‘The Great Gatsby’ review – Immersive experience turns theatre into a roaring social event

Opening up the new West End venue Immersive LDN, The Great Gatsby certainly brings the party, but not quite the theatre – ★★★

Hartshorn-Hook Productions’ immersive adaptation of Fitzgerald’s classic has all the hallmarks of my typical party experience: feeling a tad underdressed whilst sipping sharp lemonade and avoiding being the centre of attention.

While more encouraged than mandatory, most attendees at the press night for The Great Gatsby – now in a promising new West End venue near Bond Street station – were dressed for the occasion. With a functioning bar integrated as part of the set, it’s clear that the evening leans more towards themed social gatherings than a night of engaging and subversive theatre.

Though that is not to say that the cast do not put in any effort to include audience members in the action, but when they mumble over the several of the play’s many dramatic moments – despite a chirpy warning before the show from the amiable Lucille (Lizzie Grace) – it’s clear what atmosphere this production is trying to create.

For what its worth, the play certainly has heart.Holly Beasley Garrigan’s choreography is rousing and inclusive. Amongst the cast, Tendai Humphrey Stima displays incredible talent as a singing, dancing, piano-playing George Wilson, while Prince Plockey acts with conviction as the sceptical and authoritative Tom. Our awestruck narrator Nick Carraway, played by James Lawrence, breaks the fourth wall at Gatsby’s party like a jazz-age Ryan Reynolds.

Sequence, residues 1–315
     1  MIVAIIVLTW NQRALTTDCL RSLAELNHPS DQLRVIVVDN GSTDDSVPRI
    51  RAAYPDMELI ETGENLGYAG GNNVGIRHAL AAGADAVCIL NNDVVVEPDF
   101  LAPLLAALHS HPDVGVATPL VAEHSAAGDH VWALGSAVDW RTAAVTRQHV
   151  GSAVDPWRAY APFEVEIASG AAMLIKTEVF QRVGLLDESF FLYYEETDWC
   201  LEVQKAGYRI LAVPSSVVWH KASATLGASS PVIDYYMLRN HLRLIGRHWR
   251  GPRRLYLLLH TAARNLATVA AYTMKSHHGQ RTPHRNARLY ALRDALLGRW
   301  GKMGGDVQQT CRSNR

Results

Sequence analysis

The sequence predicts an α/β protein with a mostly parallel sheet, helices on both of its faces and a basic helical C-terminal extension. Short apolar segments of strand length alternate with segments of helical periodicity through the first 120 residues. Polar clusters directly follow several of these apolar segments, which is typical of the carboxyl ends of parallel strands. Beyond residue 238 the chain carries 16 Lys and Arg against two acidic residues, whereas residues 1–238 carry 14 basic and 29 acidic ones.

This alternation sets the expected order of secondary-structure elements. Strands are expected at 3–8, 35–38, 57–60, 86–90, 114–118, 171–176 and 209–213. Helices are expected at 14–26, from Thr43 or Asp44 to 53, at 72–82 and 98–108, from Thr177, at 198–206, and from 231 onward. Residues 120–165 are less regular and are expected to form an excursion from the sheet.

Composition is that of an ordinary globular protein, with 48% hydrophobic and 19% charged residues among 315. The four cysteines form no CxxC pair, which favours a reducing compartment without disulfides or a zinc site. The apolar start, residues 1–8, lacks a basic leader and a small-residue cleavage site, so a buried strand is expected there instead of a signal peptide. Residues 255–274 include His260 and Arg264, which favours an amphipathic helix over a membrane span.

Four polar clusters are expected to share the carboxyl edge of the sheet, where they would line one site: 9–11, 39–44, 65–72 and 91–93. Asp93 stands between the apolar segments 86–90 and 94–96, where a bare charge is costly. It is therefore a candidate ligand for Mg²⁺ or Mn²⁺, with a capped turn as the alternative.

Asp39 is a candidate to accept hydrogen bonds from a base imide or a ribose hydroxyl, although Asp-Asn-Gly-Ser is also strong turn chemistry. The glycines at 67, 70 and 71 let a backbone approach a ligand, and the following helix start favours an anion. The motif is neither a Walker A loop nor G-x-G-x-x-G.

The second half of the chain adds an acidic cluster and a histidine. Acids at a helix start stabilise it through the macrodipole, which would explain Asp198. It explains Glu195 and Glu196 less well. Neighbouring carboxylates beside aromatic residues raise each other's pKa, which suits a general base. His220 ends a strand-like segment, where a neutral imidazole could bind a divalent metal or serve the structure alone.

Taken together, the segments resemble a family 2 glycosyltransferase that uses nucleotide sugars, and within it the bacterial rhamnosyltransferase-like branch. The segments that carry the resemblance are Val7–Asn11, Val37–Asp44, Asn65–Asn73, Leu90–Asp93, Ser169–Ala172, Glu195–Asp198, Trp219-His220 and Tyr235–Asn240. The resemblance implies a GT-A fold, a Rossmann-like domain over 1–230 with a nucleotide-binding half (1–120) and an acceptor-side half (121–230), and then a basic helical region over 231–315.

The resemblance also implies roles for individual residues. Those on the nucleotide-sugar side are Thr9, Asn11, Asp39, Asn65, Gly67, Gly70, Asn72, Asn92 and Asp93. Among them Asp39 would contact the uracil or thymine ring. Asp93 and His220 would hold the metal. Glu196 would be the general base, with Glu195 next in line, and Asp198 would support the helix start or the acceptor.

Granted, they were the three characters with whom I had in-depth, personal conversations during the show, but when actors have to project over the shuffling and chatting of audience members and booming music (some of which felt out of place in 1920’s America) such interactions serve as useful anchor points to ground ourselves in the work.

Yet, these connections only extend to a handful of characters. When audiences are split, we’re party to certain conversations, secrets and sub-plots and not others. People unfamiliar with Fitzgerald’s classic (myself included, to my shame) may well feel like they’ve missed out on important information, or the chance to find out more about every character. It becomes apparent that while Gatsby and his company connect with us, but we don’t connect much with them.

In turn, viewers searching for a different theatrical experience may feel out of place in the moving crowds, but for those looking for a chance to dress up and party in a unique setting, The Great Gatsby offers a golden opportunity.

The Great Gatsby is now playing at Immersive LDN until 31 May 2020.

Production Images: Helen Maybanks.

Disclaimer: I was invited to watch The Great Gatsby for free in exchange for a review of the performance as a member of the press. I did not receive payment for this review and all opinions stated are honest and my own.

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